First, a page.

Skip links

Apache Trout

Critically Endangered



The Apache trout population has declined significantly in the early 1900’s.  The species was historically found in the headwaters of the Little Colorado, Salt, San Francisco, White and Black River systems in the White Mountains of eastern Arizona.  The range of the Apache trout was significantly reduced to about 48km of stream, less than 5% of the historic range.  Conservation efforts paid off and the Apache Trout population have increased by slowly reintroducing them back into their native habitat.  They are still on the critically endangered list, despite these efforts


The Apache trout has a short, stocky body with an average length of about 25 centimetres.  They can grow larger in their native areas in the wild


They weigh anything from 0.2 – 2.7 kg


United States of America


The White and Black river systems on the Fort Apache Indian Reservation have the highest concentration of the Apache trout.  The trout is restricted to head-water streams of the Salt, Little Colorado and Blue rivers in the White Mountains of eastern-central Arizona.  The species has been introduced and established outside its natural range in streams in the Pinaleno Mountains, Coronado National Forest and Kaibab National Forest.


The Apache trout has an olive-yellow body with yellow or golden bellies.  They have sparse and irregular black spots on their dorsal and tail fin, as well as their bodies.  The dorsal, anal and pelvic fins have white tips.  They also have black spots on either side of their pupils, giving the appearance of a black stripe through their eyes.

Quick Facts

Find Out More About the Apache Trout

The Apache Trout behaviour consists of:

  • Spawning occurs from March to mid-June when the water temperature is higher
  • The female requires clean coarse gravel to excavate nests for her eggs
  • They prefer gravel under woody debris, undercut stream banks or overhanging vegetation
  • The female will deposit about 70 – 300 eggs depending on her body size and she will only spawn once in her lifetime
  • The male will fertilise the eggs and then cover the eggs with the gravel and protect the nest.
  • The young Apache trout emerges after about 60 days and a downstream nocturnal migration will start to protect themselves from predators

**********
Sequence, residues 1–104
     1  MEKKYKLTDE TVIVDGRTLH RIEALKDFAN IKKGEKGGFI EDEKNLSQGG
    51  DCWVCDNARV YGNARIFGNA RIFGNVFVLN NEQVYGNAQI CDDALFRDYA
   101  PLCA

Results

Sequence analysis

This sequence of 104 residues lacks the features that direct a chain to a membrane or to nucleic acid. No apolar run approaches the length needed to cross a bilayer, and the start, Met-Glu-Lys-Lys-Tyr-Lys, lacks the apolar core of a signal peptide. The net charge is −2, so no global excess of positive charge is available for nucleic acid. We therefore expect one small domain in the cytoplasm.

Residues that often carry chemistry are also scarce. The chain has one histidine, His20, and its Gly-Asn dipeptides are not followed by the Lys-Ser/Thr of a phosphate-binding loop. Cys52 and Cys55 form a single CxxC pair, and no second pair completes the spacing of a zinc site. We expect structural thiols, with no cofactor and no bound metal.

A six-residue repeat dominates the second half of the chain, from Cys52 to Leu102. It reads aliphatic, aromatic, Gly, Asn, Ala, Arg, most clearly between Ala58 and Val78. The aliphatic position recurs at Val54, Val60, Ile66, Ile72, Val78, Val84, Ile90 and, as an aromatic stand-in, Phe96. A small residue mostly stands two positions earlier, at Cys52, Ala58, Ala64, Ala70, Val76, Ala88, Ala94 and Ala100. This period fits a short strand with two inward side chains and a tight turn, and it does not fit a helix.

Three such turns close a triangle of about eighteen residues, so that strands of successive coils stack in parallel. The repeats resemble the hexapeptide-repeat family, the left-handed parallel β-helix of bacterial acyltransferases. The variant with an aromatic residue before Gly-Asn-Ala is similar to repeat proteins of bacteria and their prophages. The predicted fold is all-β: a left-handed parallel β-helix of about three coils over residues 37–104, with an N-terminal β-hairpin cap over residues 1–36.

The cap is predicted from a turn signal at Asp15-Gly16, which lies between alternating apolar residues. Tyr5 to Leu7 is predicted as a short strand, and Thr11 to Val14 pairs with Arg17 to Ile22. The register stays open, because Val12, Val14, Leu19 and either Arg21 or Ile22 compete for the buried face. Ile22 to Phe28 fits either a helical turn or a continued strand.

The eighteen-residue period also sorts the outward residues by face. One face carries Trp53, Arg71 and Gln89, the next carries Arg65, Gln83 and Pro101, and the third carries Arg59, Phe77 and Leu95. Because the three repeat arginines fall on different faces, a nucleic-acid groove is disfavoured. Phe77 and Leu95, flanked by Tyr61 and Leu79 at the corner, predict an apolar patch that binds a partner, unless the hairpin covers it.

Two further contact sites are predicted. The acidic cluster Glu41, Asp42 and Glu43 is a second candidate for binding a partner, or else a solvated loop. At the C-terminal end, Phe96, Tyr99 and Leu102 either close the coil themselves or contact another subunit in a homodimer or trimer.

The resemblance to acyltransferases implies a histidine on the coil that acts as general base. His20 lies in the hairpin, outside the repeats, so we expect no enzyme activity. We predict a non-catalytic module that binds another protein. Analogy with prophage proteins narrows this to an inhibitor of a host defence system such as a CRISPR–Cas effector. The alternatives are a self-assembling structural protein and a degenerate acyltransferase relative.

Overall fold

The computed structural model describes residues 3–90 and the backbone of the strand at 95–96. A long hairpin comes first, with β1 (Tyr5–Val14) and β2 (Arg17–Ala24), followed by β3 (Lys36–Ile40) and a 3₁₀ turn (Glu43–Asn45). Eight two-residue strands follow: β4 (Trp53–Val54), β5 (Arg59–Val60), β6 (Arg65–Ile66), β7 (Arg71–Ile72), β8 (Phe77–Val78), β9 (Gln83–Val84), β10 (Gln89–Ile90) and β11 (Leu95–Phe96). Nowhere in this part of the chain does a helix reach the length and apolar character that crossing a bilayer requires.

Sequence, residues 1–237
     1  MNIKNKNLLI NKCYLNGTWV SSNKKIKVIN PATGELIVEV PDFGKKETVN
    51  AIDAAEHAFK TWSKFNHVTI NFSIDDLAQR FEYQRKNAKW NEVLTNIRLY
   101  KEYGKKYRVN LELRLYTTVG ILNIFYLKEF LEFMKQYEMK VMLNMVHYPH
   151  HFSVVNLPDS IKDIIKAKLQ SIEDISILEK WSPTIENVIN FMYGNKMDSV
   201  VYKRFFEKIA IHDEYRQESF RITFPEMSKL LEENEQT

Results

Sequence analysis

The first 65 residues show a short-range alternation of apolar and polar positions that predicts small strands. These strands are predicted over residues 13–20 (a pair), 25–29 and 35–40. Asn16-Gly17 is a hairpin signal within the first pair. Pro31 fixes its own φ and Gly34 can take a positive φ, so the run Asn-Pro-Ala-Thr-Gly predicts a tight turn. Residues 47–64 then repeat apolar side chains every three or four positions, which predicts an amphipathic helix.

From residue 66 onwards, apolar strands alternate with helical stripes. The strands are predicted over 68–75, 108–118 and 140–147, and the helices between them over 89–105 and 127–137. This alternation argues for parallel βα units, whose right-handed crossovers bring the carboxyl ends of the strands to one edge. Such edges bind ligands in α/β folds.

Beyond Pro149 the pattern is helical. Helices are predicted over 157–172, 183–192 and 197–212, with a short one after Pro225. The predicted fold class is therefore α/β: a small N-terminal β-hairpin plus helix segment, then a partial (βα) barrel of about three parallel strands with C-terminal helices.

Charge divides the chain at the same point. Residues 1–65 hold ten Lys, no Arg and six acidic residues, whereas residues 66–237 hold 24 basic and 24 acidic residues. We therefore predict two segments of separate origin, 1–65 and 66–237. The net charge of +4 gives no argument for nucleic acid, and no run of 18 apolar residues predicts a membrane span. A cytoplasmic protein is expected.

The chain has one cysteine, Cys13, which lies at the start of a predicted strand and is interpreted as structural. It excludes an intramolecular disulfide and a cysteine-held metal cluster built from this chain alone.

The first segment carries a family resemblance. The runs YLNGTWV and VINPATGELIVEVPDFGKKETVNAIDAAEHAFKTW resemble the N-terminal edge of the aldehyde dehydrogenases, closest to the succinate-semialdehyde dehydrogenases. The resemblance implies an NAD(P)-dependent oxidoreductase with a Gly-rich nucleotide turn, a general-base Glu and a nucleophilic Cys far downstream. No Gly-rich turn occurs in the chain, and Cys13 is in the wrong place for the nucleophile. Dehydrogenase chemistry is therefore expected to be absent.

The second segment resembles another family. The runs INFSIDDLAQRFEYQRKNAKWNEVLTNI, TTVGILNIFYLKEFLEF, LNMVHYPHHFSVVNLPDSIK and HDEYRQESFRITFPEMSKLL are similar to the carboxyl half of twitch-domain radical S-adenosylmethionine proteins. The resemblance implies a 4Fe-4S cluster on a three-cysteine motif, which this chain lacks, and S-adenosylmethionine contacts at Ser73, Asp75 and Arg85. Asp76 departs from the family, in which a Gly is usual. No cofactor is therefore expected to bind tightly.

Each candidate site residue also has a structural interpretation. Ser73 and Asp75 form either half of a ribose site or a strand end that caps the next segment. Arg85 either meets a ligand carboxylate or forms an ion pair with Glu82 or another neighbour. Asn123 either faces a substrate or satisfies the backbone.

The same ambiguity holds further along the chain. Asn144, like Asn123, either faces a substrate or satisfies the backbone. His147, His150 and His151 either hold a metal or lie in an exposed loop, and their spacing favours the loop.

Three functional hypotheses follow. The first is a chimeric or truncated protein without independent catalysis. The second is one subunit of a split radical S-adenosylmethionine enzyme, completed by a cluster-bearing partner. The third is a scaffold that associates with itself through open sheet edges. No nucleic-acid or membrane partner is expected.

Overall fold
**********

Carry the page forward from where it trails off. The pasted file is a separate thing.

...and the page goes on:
• The Apache Trout reach maturity after 3 years
  • The species lives about 4 to 6 years

The Apache trout feeds during the day on terrestrial and aquatic insects on the surface of the water.  They also eat small fish, crustaceans, snails and plankton.

The Apache trout is a freshwater species and they inhabit small, clear, cold, high gradient and fast-flowing mountain headwaters, with boulders, rocks and gravel substrates.  The streams usually flows through mixed coniferous and ponderosa pine forest and is generally at an altitude of 2 500 metres in elevation.  The ideal water temperature is between 0 – 22˚C.

The biggest threat to the Apache trout is overfishing, habitat degradation, wild fires, droughts and the introduction of non-native trout, especially Rainbow and Cutthroat trout in their natural habitat. The Apache trout hybridize with these non-native trout resulting in altered genetics in the Apache trout species.

Conservation Efforts

The preservation, protection and recovery of this species of wild stream trout are an ongoing joint effort by Native Americans, environmental organisations and the federal government. Fishing activities are regulated with catch and release policies or by closing streams for fishing.  They are erecting artificial barriers in several streams to separate the Apache trout from invasive non-native trout species.  They are removing hybrid Apache trout from streams and are restocking streams with pure Apache trout species.   They have succeeded in raising the Apache trout in captivity and started introducing them back in their native habitat to ensure the long-term survival of the Apache trout.

Return to top of page